#LetHerSpeak: Libertarian Demands for Open Presidential Debates Trend on Social Media
Libertarians across the country organized #LetHerSpeak convoys Saturday with vehicles adorned in purple and gold and messages calling on the Commission on Presidential Debates to include Libertarian presidential nominee Jo Jorgensen in the fall presidential debates.
There is public support to open the presidential debates to at least one additional candidate. In 2016, national polling found that 76% of US voters wanted third party candidates like then libertarian presidential nominee Gary Johnson and Green Party nominee Jill Stein to be invited onto the debate stage.
Yet, despite such overwhelming support for more voices in presidential debates, it has been 28 years since the last third party candidate was invited to participate in them (Ross Perot in 1992). The reason is largely due to the Commission on Presidential Debates' 15% rule for candidate inclusion.
The bipartisan Commission on Presidential Debates (CPD) instituted a rule in 2000 that requires third party candidates to poll at least at 15% in 5 nationwide polls handpicked by the commission itself. Yet, these polls often exclude viable third party candidates or bury their names so that voters predominately see only the Republican and Democratic nominees.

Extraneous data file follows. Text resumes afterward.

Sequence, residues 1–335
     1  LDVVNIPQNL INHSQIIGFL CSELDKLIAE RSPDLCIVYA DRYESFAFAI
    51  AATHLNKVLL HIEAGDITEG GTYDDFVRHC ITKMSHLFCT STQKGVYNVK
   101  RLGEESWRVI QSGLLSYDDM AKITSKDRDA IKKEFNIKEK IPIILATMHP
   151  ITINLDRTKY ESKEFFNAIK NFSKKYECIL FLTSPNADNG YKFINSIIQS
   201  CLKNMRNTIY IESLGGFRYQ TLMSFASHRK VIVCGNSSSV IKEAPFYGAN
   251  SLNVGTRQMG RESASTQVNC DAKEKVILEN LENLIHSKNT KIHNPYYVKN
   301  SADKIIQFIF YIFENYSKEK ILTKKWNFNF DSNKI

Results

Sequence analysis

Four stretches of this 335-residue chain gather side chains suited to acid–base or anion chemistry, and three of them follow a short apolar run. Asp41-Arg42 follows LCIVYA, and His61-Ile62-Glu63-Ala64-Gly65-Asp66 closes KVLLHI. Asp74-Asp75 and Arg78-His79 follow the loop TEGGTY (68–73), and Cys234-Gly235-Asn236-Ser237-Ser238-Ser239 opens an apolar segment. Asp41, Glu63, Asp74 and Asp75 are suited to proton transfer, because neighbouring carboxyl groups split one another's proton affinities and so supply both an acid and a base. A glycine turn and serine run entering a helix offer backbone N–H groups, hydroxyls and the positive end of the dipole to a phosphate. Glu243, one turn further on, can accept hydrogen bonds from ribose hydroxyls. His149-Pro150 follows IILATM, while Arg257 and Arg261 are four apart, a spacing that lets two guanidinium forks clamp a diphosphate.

This is why it is unlikely that Jorgensen will be included in the 2020 debates, regardless of what voters want. This is also why supporter launched the #LetHerSpeak campaign. They wanted to boost her presence in local media coverage, and thus boost her name ID.
"To promote Dr. Jo Jorgensen to get her poll numbers up to get her on the debate stage," said Libertarian activist Ryan Cooper, in an interview with KEPR in Pasco, Washington. "We know it's a rigged system, we know the two parties want to keep us out. We're going to fight like hell to get her on the stage. We're loud, we're proud, we're not going to take any more of the two-party nonsense."
The National Libertarian and Green Parties joined the nonpartisan group Level the Playing Field and its CEO, Peter Ackerman, in a lawsuit challenging the debate commission's rules for candidate inclusion. Despite an initial court ruling that the FEC -- the federal agency tasked with regulating organizations like the debate commission -- acted “arbitrarily, capriciously, and contrary” to law when it ignored administrative complaints against the CPD. the courts have dismissed the lawsuit.